Technical Compliance and vCloud Air Network

For the last year and a half, I’ve been working as a Systems Engineer for VMware’s Commercial segment. I’ve really enjoyed the time on this team, engaging customers in the field and getting comfortable with VMware’s sales practices. During this time, my boss had recommended me for a potential vCloud Air Network position because of my background working for a vCAN partner. That recommendation didn’t pan out but it did trigger a serious consideration for vCAN as my next move.

As of this month, I am official the Technical Compliance Systems Engineer. Odd title but what it means is that I will be focusing on Usage Meter and helping build a better reporting process for VMware’s Service Provider network.

I will be focusing on Usage Meter and program compliance. Its a pretty neat role in that this is the first one in the company. It will be interesting in that I have a chance to define the role as the program grows. As the vCAN moves forward, I believe there is definite need to make changes to the reporting process and the data that is collected. I have a few ideas already and look forward to diving in. Some of the things I am excited about is creating content for the SP’s and assisting on changes to the program that benefit everyone involved. From what I’ve seen so far, SP’s should be very excited.

Homelab: Compute

A little while ago, I wrote up some goals for the Homelab. The idea behind these goals was not so much to build a lab that compares in power to a normal DC, but to build something that can match in the way its configured. This is for my own continued education as well as for use in Demo’s of products to customers.

So lets take a look at the one of the areas mentioned in more specific terms. Compute. In my Goals post, I listed the following items as goals to look for. I must admit, I already had a product family in mind by the time I made these goals, just not a specific model chosen. Never the less, lets revisit that list.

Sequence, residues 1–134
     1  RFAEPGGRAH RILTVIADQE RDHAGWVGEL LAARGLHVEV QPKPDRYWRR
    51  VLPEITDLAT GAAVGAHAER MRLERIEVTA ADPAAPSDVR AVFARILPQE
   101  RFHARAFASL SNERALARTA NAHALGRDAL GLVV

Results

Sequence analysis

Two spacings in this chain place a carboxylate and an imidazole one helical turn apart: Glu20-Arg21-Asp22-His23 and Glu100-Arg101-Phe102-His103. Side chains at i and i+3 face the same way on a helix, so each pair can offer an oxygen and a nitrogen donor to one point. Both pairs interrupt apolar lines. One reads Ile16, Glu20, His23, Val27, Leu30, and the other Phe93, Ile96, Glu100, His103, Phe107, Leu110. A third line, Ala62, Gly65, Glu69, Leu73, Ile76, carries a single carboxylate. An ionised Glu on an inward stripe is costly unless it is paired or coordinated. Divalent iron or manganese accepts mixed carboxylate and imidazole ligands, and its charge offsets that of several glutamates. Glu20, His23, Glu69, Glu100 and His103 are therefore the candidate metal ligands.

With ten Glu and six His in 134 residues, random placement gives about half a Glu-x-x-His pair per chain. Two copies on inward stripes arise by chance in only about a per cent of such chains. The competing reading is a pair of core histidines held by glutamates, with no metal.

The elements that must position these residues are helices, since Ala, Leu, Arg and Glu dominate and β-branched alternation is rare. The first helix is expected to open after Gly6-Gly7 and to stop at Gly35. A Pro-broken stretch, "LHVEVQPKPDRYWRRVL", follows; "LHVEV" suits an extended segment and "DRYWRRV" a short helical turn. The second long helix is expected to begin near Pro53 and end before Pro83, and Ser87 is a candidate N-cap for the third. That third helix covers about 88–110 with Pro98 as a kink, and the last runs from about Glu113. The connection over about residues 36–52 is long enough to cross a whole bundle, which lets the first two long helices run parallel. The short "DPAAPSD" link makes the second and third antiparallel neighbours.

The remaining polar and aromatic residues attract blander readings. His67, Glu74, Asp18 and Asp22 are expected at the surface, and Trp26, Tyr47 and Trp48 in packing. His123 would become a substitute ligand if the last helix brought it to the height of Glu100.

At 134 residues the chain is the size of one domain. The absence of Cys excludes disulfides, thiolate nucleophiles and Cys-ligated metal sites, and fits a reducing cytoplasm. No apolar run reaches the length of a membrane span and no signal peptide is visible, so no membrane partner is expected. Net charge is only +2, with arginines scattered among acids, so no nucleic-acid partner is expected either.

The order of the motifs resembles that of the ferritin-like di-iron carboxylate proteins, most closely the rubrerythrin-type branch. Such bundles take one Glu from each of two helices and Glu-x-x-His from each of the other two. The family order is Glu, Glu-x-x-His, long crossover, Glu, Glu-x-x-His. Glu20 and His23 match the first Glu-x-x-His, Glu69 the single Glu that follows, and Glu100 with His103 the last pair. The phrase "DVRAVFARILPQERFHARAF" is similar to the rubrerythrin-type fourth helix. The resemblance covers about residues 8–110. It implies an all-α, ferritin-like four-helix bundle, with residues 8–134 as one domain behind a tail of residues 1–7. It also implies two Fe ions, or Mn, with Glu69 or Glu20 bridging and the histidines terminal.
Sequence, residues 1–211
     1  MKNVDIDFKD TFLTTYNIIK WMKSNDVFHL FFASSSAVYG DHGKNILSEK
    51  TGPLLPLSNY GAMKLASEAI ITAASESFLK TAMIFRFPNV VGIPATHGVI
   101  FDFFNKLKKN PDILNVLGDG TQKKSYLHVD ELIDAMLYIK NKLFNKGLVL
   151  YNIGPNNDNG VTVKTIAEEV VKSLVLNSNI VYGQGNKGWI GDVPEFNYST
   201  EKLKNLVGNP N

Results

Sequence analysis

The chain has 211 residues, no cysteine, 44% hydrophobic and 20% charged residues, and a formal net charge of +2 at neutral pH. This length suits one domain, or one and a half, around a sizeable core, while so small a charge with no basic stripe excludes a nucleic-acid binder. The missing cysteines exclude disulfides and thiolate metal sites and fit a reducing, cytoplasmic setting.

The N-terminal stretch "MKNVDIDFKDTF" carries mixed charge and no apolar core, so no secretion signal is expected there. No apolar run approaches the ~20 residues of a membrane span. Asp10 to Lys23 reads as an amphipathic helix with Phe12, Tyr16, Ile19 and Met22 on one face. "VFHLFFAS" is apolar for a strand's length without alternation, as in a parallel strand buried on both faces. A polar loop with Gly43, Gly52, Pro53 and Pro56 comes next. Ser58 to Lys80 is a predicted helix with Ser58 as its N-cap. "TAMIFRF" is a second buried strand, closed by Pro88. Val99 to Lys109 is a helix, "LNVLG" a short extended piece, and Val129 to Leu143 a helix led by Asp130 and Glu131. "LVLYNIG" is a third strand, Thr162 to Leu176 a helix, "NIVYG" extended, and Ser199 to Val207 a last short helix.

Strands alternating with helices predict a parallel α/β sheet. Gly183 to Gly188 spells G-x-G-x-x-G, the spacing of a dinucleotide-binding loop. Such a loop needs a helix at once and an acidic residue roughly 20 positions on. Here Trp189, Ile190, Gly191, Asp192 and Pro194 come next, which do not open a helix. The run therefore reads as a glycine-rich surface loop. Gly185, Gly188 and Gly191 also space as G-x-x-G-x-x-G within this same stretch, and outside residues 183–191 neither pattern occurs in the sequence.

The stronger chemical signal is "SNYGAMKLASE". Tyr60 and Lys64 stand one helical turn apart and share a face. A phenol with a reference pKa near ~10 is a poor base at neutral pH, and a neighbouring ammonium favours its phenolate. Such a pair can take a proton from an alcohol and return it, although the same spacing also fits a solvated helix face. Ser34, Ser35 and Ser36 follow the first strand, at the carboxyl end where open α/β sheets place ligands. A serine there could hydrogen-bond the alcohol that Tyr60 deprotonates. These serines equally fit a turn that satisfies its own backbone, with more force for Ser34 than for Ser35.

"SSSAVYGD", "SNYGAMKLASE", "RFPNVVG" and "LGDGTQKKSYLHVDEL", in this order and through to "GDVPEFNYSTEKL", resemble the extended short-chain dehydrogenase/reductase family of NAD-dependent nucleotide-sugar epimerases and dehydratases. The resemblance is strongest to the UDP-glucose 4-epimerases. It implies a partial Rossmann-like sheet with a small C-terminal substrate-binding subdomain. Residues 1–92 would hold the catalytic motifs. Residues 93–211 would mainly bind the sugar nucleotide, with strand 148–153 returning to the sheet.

• 1U rack height
  • 4 or more Cores
  • Dual NIC’s
  • 1-2 PCIe slots
  • Greater than 32GB RAM Max
  • IPMI (Dedicated or Shared NIC)


What Matters Most?:

In the case of my lab, it matters more to be able to match a configuration than it does to have the most powerful one ever. As an Engineer at heart and a Pre-Sales Systems Engineer, its important to work through configurations for accuracy to how customers deploy their infrastructure. More specifically, how customers deploy ESXi. Everything from the vmkernel IP’s to advanced settings on processor performance.No as most people would consider, I could have done this in a nested environment. Nested is a great idea when you are studying for test or wanting to do functional testing, but long term it has its limits. Nested was too underpowered and giant dual socket, 6-8 core servers were too power hungry! Also as a side note, this was going to be in my office and noise also needed to be taken into consideration quite a bit.